I get asked a lot how I got started doing drag. I always give the short version: saw a king at Pride, thought “I could do that!” and then did it. But obviously there was more to it than that. Seeing some of my brothers in drag posting pictures from when they first got started, I was prompted to write this blog.
In my 7-odd years of doing drag I’ve had the privilege of participating in several pageants, competitions and contests. I’ve competed, I’ve judged, I’ve been on both sides of the fence. I’ve gotten positive feedback and I’ve gotten constructive criticism and in this business you need to learn that you really only grow from the constructive criticism.
You can tell someone how awesome they are every day, but if you never tell them the things they need to work on, they will never grow; not as an entertainer, not as a person. Stroking one’s ego doesn’t do an individual any good. To act like they have no faults, nothing they need to fix, is delusional and unrealistic. No one is perfect. I don’t care if you’ve been performing for over a decade, there is always something you can improve on.
com·mit·ment [kuh-mit-muhnt] noun
1. the act of committing.
2. the state of being committed.
3. the act of committing, pledging, or engaging oneself.
4. a pledge or promise; obligation: We have made a commitment to pay our bills on time.
5. engagement; involvement: They have a sincere commitment to religion.
Those of you who have worked with me know that one of my biggest pet peeves is lack of commitment. That doesn’t just mean bailing on shows, it means lack of commitment to all aspects; ie. half-assing facial hair or binding, not bothering with costumes, basically making zero effort.
But a commitment, or lack thereof, to shows is probably my biggest issue. I generally book my shows several weeks ahead of time, and my entertainers know what is expected of them. However, I have had performers show up late, not even close to being ready, or bail completely without even a text to say “Hey, I can’t make it.” I am very well aware that shit happens. Life is messy, humans are messy. But we need to keep in mind that when you flake on a commitment it screws everyone over. There have been less than a handful of times in my almost 7 years of performing when I’ve had to cancel my appearance at a show. Generally it was due to illness, which means I was basically dying. I’ve performed with tooth pain so bad it knocked me on my ass; I’ve performed with walking pneumonia. So when I say I’m sick and I can’t be there, I mean it. There are times when I feel like poop, but I still show up and do at least one number (that was communicated to the show director) because I made a commitment (there’s that word again) to be there.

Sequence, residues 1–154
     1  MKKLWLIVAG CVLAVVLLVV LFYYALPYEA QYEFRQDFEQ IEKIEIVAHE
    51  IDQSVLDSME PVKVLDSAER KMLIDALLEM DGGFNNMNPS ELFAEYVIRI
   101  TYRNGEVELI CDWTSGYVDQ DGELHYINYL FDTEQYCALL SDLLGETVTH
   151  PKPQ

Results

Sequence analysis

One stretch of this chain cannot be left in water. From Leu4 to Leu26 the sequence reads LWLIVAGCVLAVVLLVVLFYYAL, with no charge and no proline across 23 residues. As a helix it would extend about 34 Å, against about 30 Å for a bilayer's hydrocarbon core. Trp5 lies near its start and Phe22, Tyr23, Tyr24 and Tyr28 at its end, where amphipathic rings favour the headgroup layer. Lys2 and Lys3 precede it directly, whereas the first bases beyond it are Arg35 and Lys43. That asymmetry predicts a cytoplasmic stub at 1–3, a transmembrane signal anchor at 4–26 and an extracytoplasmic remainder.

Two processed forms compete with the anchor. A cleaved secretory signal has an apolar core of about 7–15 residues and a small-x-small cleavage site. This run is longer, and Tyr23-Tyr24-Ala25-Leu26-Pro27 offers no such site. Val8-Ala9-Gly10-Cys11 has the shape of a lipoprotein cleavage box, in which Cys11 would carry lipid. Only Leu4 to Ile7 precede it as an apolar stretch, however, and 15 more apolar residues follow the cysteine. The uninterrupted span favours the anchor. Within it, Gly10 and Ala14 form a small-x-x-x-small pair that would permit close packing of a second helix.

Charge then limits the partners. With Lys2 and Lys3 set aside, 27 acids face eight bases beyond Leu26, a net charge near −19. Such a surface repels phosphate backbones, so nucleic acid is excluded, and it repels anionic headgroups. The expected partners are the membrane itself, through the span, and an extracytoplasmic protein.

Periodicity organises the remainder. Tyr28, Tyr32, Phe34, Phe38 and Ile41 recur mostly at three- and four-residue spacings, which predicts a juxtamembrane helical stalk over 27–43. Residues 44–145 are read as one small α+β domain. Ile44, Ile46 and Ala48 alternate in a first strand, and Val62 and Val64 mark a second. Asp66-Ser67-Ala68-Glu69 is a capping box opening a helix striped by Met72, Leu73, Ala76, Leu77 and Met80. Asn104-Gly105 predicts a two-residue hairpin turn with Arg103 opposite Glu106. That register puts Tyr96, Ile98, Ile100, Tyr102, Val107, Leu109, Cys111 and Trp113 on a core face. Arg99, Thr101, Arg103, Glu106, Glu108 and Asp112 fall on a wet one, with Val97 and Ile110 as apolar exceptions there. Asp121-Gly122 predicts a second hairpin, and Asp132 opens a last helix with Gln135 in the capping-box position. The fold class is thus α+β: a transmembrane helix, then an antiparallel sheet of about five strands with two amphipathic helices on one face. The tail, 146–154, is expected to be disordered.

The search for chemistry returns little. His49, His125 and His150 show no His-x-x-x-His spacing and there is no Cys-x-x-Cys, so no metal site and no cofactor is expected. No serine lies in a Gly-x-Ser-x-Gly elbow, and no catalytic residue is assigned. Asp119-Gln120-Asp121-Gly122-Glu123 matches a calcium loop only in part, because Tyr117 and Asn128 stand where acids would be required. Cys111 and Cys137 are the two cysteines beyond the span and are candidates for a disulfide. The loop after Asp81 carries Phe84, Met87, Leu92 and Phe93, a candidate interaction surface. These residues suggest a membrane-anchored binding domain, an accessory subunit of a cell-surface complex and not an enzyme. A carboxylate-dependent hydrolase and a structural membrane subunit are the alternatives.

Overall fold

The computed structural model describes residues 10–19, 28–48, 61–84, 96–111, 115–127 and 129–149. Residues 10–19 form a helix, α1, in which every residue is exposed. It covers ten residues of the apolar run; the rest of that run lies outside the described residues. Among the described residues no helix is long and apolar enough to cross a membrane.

One of the most common things heard in the drag world is “Bitch stole my song!” I hear it all the time. This implies that a song can be owned by one performer or another. I hate to break to you kids, but the only person who owns a song is the artist who owns the rights. That’s it.
Every entertainer, be it king, queen, whatever, has their signature numbers. These are the numbers that made an impression on the audience, that people have said, “Wow! I loved that! That’s your best number yet!” Usually, it’s a whole package: a specific costume, concept, look. But even so, you do not own that song. Chances are, if you liked the song, someone else will too. In my years of doing drag there are a couple of songs that have come to be associated with me; Michael Buble’s “Feeling Good,” and “Mr. Brightside” come to mind right off the bat. Anyone who has known me, or who has followed my drag career over the years know the numbers I’m talking about.
Between confidence and cockiness, and it’s one of the hardest lessons to teach those who are coming up behind us. Sometimes it’s hard to tell the difference and there are times when we don’t mean to sound cocky but it comes off that way because of the context. With pageant season coming up I see lots of both flooding my Facebook page.